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May 19, 2015 - A Look At The New Commandlinefu
I've put together a short writeup on what kind of newness you can expect from the next iteration of clfu. Check it out here.
March 2, 2015 - New Management
I'm Jon, I'll be maintaining and improving clfu. Thanks to David for building such a great resource!

Top Tags



Psst. Open beta.

Wow, didn't really expect you to read this far down. The latest iteration of the site is in open beta. It's a gentle open beta-- not in prime-time just yet. It's being hosted over at UpGuard (link) and you are more than welcome to give it a shot. Couple things:

  • » The open beta is running a copy of the database that will not carry over to the final version. Don't post anything you don't mind losing.
  • » If you wish to use your user account, you will probably need to reset your password.
Your feedback is appreciated via the form on the beta page. Thanks! -Jon & CLFU Team

Commands using sort from sorted by
Terminal - Commands using sort - 668 results
du -sk -- * | sort -n | perl -pe [email protected]=qw(K M G T P); s:^(\d+?)((\d\d\d)*)\s:$1." ".$SI[((length $2)/3)]."\t":e'
2015-04-26 08:07:27
Functions: du perl sort

Tested on MacOS and GNU/Linux.

It works in dirs containing files starting with '-'.

It runs 'du' only once.

It sorts according to size.

It treats 1K=1000 (and not 1024)

du -h -d 1 | ack '\d+\.?\d+G' | sort -hr
du -hsx * | sort -rh
sed -n '/url/s#^.*url=\(.*://.*\)#\1#p' ~/.mozilla/firefox/*.[dD]efault/SDBackups/*.speeddial | sort | uniq
2015-02-17 20:56:28
User: return13
Functions: sed sort

For all users of https://addons.mozilla.org/de/firefox/addon/speed-dial/

ls -l /dev/disk/by-id |grep -v "wwn-" |egrep "[a-zA-Z]{3}$" |sed 's/\.\.\/\.\.\///' |sed -E 's/.*[0-9]{2}:[0-9]{2}\s//' |sed -E 's/->\ //' |sort -k2 |awk '{print $2,$1}' |sed 's/\s/\t/'
2015-01-25 19:29:40
User: lig0n
Functions: awk egrep grep ls sed sort
Tags: zfs disk info

This is much easier to parse and do something else with (eg: automagically create ZFS vols) than anything else I've found. It also helps me keep track of which disks are which, for example, when I want to replace a disk, or image headers in different scenarios. Being able to match a disk to the kernels mapping of said drive the disks serial number is very helpful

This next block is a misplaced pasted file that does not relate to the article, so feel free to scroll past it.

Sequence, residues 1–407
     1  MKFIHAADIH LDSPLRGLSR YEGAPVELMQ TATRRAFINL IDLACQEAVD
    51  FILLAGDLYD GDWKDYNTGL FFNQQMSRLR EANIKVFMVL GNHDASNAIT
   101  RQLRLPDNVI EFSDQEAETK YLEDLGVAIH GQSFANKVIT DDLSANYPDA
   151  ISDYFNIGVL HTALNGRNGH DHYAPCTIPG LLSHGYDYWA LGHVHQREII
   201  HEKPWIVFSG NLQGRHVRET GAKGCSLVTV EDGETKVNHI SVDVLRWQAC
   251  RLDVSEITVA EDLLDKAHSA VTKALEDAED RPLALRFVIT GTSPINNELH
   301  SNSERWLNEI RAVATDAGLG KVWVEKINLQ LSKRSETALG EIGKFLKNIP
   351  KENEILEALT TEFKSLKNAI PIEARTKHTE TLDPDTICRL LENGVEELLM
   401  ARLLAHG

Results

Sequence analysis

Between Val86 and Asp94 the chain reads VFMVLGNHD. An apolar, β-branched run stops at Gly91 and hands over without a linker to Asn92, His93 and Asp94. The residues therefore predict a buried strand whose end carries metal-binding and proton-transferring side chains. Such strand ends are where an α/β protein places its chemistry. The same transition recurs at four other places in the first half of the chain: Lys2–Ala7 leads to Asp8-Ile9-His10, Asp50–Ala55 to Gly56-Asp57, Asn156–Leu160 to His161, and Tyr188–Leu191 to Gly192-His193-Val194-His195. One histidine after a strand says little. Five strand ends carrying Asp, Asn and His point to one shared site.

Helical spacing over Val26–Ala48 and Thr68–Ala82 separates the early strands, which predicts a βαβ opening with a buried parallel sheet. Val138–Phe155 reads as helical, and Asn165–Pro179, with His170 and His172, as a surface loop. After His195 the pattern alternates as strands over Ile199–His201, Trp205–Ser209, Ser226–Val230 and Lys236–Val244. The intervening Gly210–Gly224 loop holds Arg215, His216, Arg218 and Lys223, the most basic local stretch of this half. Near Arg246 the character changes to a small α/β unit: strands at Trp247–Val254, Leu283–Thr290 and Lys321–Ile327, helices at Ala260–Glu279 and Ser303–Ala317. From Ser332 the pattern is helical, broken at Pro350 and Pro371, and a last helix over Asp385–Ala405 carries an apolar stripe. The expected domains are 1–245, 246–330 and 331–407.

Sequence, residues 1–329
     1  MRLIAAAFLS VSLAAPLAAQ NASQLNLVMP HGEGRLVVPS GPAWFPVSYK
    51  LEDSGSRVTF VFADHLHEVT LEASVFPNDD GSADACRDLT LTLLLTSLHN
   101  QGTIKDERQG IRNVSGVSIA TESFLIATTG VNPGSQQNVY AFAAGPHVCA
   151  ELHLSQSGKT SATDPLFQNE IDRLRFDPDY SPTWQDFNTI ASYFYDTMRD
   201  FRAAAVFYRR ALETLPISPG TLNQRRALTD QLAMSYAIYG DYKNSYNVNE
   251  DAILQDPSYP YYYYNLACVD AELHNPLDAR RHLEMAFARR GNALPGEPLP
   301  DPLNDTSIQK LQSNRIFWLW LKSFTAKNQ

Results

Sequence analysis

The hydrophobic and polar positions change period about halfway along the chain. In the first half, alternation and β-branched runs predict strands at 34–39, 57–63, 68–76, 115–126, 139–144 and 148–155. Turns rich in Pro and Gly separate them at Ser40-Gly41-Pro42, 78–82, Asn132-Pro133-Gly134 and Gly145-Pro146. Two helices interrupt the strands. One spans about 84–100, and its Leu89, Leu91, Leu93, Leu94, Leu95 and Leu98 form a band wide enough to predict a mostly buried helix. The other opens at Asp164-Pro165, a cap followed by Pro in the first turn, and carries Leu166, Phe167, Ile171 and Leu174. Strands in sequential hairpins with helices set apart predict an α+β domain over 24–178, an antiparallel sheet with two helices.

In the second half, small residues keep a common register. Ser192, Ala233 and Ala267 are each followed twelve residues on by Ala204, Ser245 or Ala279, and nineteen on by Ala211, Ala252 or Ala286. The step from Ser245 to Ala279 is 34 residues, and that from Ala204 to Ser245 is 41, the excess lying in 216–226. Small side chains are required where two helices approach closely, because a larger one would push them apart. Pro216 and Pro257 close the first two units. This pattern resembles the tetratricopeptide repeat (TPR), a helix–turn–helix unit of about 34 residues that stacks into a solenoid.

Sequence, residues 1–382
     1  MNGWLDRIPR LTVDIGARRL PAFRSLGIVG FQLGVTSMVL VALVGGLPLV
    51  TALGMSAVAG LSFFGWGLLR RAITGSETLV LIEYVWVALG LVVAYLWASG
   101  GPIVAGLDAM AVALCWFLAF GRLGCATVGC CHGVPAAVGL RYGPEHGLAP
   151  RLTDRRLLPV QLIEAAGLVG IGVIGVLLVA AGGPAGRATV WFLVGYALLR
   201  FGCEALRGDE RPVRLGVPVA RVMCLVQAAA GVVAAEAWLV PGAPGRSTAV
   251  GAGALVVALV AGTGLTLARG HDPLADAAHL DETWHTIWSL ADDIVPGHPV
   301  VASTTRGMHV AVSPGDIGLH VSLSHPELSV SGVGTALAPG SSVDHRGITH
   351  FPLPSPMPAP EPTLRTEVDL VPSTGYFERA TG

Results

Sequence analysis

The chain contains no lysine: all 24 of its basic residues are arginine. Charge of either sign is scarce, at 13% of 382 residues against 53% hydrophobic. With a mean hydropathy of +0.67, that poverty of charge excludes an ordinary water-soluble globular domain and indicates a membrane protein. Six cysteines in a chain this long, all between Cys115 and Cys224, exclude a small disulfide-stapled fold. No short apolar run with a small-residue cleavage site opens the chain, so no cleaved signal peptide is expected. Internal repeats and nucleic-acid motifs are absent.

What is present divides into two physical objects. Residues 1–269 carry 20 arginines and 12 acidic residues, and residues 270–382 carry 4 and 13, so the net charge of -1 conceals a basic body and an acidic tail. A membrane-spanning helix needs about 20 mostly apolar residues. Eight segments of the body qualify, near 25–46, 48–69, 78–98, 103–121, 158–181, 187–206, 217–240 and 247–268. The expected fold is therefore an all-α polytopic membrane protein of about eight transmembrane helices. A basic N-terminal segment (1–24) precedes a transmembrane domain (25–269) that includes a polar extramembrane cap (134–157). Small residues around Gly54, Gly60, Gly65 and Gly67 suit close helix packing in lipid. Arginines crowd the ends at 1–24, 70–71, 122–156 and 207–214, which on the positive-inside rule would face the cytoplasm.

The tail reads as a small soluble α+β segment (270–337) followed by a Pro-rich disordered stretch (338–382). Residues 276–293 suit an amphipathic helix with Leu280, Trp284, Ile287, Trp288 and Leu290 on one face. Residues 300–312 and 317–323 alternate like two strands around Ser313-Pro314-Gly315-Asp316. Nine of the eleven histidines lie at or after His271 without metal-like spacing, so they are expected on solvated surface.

ls -l /dev/disk/by-id

Normal `ls` command to list contents of /dev/disk/by-id

grep -v "wwn-"

Perform an inverse search - that is, only output non-matches to the pattern 'wwn-'

egrep "[a-zA-Z]{3}$"

A regex grep, looking for three letters and the end of a line (to filter out fluff)

sed 's/\.\.\/\.\.\///'

Utilize sed (stream editor) to remove all occurrences of "../../"

sed -E 's/.*[0-9]{2}:[0-9]{2}\s//'

Strip out all user and permission fluff. The -E option lets us use extended (modern) regex notation (larger control set)

sed -E 's/->\ //'

Strip out ascii arrows "-> "

sort -k2

Sort the resulting information alphabetically, on column 2 (the disk letters)

awk '{print $2,$1}'

Swap the order of the columns so it's easier to read/utilize output from

sed 's/\s/\t/'

Replace the space between the two columns with a tab character, making the output more friendly

For large ZFS pools, this made creating my vdevs immeasurably easy. By keeping track of which disks were in which slot (spreadsheet) via their serial numbers, I was able to then create my vols simply by copying and pasting the full output of the disk (not the letter) and pasting it into my command. Thereby allowing me to know exactly which disk, in which slot, was going into the vdev. Example command below.

zpool create tank raidz2 -o ashift=12 ata-... ata-... ata-... ata-... ata-... ata-...
ps axo pcpu,args | awk '/[p]hp.*pool/ { sums[$4] += $1 } END { for (pool in sums) { print sums[pool], pool } }' | sort -rn | column -t
find . -printf '%.5m %10M %#9u %-9g %TY-%Tm-%Td+%Tr [%Y] %s %p\n'|sort -nrk8|head
( ps -U nms -o pid,nlwp,cmd:500 | sort -n -k2) && (ps h -U nms -o nlwp | paste -sd+ | bc)
grep 'font-family:[^;]*' <input file.svg> | sed 's/.*font-family:\([^;]*\).*/\1/g' | sort | uniq
2014-11-03 20:38:08
User: caiosba
Functions: grep sed sort
Tags: fonts svg

List all fonts used by an SVG file. Useful to find out which fonts you need to have installed in order to open/edit an SVG file appropriately.

netstat -nr|egrep -v "Routing|Interface|lo0"|awk '{print $5}'|sort -u| while read l; do ifconfig $l ; echo " Station Addr: `lanscan -ia|grep "$l "|cut -d ' ' -f 1`" ; done
find -not -empty -type f -printf "%-30s'\t\"%h/%f\"\n" | sort -rn -t$'\t' | uniq -w30 -D | cut -f 2 -d $'\t' | xargs md5sum | sort | uniq -w32 --all-repeated=separate
2014-10-19 02:00:55
User: fobos3
Functions: cut find md5sum sort uniq xargs